Wednesday nights - Rav Benzion's Tanya shiur..........Please continue to daven for the good health of the Rebbe (Yechiel Michel ben Devorah Leah) and Rebbetzin (Feiga bas Sarah).

Tuesday, September 20, 2011

Yahrtzeit: The Rebbe Reb Mordechai Dov of Hornosteipel (Elul 22)

As usual, I don't feel adequate to writing something about the Rebbe Reb Motele, especially without the appropriate amount of time for such an undertaking. But, we are in luck. Here is an edited transcript of the Rebbe's remarks at the yahrtzeit seudah on Elul 22, 5766 (2006). Very, very worthwhile!

One of the great losses, tragedies, shortcomings, of the particular season in history in which we find ourselves, is that we are missing heroes of particular measure. From my earliest recollections, (I was exposed to conventional stuff however they were all in the periphery) the heroes that we grew up with were the portraits painted for us by our parents of our grandparents, great-grandparents, their grandparents, and the anecdotes and stories of their lives. There was no question as to where the center of our lives was directed and how our lives ultimately were crafted around them.

A great many of these anecdotes described occurrences that were larger than life, how the greatness and sanctity of these people allowed them access to abilities that could transform our ordinary world into a supernatural one. But in retrospect, at the same time that we were learning about the greatness of these people in their capacity to marshal these other-worldly forces to achieve all kinds of things for Klal Yisroel, what was being stressed for us was the excellence of character that these people had attained in their lives. More than the wondrous stories, the emphasis was on the righteousness of these people, their saintliness of character. The wonders and the miracles were secondary to the miracle that was their character.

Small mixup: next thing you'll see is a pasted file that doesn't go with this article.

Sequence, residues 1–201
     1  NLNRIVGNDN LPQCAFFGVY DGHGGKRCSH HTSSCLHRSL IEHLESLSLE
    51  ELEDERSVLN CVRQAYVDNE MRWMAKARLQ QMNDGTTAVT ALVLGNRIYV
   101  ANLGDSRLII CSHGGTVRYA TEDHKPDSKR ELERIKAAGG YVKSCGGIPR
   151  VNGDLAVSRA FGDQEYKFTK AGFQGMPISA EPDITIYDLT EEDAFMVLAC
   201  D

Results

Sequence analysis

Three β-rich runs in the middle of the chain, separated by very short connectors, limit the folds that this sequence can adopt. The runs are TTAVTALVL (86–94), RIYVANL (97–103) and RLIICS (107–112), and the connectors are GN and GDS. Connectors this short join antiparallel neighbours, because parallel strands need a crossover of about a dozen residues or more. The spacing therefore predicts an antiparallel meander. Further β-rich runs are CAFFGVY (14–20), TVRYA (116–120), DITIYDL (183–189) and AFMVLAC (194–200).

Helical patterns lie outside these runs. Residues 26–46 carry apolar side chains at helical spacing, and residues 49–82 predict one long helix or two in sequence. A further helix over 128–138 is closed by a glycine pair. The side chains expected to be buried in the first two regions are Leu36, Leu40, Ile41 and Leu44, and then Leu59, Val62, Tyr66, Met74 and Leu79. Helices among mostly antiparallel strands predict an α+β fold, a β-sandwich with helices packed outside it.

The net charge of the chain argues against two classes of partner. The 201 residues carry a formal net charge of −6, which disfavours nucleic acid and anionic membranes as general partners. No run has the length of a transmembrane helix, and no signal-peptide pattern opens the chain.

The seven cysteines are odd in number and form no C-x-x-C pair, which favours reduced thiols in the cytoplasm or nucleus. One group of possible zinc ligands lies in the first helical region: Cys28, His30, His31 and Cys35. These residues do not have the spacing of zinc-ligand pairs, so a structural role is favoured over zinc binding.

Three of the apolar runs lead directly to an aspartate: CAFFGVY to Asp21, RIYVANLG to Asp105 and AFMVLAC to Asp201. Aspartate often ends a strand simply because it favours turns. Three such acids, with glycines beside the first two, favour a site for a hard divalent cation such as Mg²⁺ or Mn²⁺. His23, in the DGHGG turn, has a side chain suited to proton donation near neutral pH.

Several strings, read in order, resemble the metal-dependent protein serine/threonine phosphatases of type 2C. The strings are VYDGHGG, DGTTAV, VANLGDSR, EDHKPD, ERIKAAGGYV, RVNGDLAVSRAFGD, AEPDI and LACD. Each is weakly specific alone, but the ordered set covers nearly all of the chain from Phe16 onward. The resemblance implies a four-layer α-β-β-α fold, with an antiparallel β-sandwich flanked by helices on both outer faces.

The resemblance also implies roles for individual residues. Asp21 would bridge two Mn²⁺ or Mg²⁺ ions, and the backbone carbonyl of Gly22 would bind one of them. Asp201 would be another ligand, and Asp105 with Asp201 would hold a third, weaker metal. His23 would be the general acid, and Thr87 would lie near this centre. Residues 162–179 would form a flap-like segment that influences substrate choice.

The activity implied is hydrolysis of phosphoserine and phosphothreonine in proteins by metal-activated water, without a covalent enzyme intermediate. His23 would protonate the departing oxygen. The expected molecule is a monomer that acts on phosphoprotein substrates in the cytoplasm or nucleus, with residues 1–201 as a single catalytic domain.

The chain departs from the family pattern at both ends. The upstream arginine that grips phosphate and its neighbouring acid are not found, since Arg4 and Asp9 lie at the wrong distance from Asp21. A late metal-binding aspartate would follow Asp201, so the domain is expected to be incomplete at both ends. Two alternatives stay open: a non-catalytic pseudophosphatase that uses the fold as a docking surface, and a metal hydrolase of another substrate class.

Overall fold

How humble they were. How self-effacing they were. How selfless they were. What mesirus nefesh they had and how much they cared for other Jews. How brokenhearted they were about the fact that they simply were not able to serve Hakadosh Baruch Hu at a level that they felt they should have, could have, that their forbearers had been able to do.

How forgiving they were of offenses against them personally. How hard they would work to create relationships of peace with everyone. How hard they would try that no one would learn of what they were doing, whether it was going to the mikveh under circumstances that most people would not think possible in the middle of winter in places that were brutally cold, breaking the ice and doing all kinds of things to toivel, or whether it was in their charity and how they found it impossible to go to sleep at night knowing that there was a penny in their house which had not been distributed – it would keep them awake.

My father was the baby of the family. His oldest sister, Tante Devorke, who was considerably older than him, recalled how the Zeide Reb Motele would rouse her in the middle of the night to go deliver tzedaka someplace so people wouldn’t know where the tzedaka was coming from.

Another dimension of message we received was not only the expansiveness of their saintly character, but that they did everything in the world to try to hide themselves so that nobody would know how much they were learning, they wouldn’t know how much they were giving away or when they were giving away, or what they were doing.